Now, the oak didn’t know it at the time, but there were seeds in the ground that he stood upon. When these seeds sprouted, he saw that there was life left for him, that he could raise up these children that, just like him, had no one. And together, they made the unlikeliest of families. Father, sons, family.”
Donnie paused. That was how Master Splinter had always ended it. But with Mikey here, now, the story had changed. They had a new addition to their family, one that, despite all the trouble, was worth it. Now the story had an epilogue, one that he had the honor of bestowing.
“Given time,” He smiled, “Something new drifted to the oak. A new part in his life, a new seed. Where it came from was anybody’s guess, but it brought a new meaning to the family. Just like the morning glory, it wrapped itself around its new family, holding them together like glue. They cared for him, and he cared for them. With him, their family was complete. He added the bond between brothers, he helped hold the oak’s heart. With him, they were indeed a family.”
Splinter walked down the quiet halls of his home. His fever had broken in the night, and as a father always would, he went to check on his sons. But the moment he opened up his youngest son’s door, he smiled. There they were, all huddled together on Michelangelo’s small bed. They were all sleeping against for said youngest, who was sitting between them, drawing. “Shhh...” Mikey put his fingers to his lips before lifting his arms for his father to hold him.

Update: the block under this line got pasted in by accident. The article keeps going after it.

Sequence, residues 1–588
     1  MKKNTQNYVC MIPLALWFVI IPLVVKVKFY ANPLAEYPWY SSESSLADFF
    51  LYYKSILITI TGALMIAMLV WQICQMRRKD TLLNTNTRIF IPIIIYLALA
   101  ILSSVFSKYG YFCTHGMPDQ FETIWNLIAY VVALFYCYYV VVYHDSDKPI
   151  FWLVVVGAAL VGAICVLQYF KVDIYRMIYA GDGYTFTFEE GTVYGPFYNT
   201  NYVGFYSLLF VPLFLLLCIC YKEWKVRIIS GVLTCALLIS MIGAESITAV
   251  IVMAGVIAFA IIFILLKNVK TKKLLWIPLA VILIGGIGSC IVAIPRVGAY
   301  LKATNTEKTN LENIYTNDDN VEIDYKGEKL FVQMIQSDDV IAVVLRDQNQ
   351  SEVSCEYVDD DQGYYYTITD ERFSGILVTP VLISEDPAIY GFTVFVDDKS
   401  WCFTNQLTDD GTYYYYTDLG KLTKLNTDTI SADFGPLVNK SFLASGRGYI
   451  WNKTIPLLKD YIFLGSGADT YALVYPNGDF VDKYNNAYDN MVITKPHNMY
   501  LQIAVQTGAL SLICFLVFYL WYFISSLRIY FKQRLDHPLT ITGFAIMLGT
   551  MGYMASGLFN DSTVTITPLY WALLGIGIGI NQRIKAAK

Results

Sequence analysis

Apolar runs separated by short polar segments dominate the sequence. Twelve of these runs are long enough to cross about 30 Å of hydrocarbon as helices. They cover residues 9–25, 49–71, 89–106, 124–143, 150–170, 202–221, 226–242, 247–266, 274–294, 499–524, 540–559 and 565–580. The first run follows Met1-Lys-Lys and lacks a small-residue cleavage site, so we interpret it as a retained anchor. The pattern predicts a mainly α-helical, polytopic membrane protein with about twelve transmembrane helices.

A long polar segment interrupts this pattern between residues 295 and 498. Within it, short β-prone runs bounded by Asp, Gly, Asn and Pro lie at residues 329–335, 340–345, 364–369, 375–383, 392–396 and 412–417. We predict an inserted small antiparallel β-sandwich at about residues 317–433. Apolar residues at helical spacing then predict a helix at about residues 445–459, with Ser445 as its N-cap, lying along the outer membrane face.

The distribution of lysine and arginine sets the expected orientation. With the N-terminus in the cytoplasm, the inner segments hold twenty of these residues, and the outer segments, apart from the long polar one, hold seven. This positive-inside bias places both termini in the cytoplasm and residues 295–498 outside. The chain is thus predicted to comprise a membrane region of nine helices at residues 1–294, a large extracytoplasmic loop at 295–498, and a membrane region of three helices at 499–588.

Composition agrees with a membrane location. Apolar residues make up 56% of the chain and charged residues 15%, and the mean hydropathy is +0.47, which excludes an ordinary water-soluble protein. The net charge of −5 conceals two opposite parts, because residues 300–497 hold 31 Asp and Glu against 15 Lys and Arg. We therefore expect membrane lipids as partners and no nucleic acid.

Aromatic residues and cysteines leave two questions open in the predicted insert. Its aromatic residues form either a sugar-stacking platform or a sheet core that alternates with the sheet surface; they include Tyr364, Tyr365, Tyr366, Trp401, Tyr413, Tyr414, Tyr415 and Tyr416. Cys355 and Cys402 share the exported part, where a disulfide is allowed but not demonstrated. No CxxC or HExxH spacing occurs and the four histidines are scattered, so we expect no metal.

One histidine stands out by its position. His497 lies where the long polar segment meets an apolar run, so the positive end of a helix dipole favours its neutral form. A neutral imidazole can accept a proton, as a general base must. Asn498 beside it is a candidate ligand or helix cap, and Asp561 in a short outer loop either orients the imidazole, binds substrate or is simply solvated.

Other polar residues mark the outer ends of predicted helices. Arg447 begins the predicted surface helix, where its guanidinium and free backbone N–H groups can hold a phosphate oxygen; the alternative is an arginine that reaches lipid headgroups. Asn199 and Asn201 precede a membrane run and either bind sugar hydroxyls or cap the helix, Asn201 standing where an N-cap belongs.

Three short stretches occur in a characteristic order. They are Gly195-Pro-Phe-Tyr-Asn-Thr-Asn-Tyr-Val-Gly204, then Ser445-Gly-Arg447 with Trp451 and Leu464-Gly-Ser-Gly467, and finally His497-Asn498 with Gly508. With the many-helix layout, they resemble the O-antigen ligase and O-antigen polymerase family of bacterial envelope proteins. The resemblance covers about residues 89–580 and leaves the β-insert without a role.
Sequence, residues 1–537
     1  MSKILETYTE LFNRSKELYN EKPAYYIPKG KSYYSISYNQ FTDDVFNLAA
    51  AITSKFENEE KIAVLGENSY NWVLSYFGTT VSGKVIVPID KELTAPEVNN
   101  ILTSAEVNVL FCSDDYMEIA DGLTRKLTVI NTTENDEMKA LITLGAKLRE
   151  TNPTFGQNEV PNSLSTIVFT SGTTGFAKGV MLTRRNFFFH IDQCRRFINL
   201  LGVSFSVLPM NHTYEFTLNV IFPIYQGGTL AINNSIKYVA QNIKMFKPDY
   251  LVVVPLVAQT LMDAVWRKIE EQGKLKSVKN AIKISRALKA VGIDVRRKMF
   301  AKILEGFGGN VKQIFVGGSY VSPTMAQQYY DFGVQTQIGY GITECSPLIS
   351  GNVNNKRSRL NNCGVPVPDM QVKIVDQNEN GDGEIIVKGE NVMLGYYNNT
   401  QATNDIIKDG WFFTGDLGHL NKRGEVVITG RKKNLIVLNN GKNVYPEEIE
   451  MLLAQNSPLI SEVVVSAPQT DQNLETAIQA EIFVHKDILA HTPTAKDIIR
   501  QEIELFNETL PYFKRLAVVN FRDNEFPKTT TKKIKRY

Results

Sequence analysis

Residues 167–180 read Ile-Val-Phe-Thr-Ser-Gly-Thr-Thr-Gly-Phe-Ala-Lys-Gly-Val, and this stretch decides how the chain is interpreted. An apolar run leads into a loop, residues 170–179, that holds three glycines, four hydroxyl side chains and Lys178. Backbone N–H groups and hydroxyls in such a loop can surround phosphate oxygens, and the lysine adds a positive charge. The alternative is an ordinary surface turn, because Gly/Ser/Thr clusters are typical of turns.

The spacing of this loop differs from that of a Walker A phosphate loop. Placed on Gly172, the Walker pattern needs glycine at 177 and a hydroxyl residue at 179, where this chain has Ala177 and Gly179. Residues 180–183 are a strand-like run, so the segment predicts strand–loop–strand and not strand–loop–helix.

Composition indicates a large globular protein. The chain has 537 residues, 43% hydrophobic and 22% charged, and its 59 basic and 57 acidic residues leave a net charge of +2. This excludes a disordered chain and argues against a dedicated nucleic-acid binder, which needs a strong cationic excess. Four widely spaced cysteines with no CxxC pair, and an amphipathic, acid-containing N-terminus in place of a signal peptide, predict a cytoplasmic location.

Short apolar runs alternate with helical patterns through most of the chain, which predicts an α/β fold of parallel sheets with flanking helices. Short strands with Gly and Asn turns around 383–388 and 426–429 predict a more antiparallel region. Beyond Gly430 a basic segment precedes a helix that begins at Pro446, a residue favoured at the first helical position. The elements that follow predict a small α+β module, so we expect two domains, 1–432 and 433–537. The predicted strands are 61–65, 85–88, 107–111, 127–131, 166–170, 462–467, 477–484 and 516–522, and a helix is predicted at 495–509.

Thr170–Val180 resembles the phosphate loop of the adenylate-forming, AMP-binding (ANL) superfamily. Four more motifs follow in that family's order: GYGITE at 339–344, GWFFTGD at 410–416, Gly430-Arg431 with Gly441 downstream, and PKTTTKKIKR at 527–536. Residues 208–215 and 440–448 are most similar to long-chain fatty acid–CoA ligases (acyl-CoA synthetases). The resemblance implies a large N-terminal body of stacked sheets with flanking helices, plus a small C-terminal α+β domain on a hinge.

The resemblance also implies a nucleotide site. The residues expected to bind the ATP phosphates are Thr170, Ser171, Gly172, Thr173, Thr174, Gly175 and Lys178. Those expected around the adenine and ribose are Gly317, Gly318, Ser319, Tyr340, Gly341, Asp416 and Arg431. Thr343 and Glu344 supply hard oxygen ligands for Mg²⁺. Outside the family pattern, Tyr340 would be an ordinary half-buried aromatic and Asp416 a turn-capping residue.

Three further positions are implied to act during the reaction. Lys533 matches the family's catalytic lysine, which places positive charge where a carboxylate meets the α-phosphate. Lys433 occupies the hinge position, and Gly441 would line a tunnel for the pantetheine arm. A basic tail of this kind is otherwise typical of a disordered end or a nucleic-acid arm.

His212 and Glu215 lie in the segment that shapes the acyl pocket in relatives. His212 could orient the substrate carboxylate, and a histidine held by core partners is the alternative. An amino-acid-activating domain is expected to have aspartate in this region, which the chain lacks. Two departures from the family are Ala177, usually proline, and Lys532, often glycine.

Carrying his son to the kitchen, Splinter caught a glimpse of the picture he was holding. “What is that?” His curiosity as a parent never diminished, especially with Michelangelo.
Lifting it up so his father could see, Mikey pointed out what the figures were. “It’s from the story. That’s the oak, that’s strong, tough vine, and in between are his brothers. He’s holding them together,” He grinned up at Splinter, and the man inside him never thought he had seen his son do something so precious. Bending down, Splinter pulled his son into his arms. Michelangelo would never replace what he had lost, none of sons would, but he would not give them up for anything. It was moments like these that he remembered how invaluable life truly was.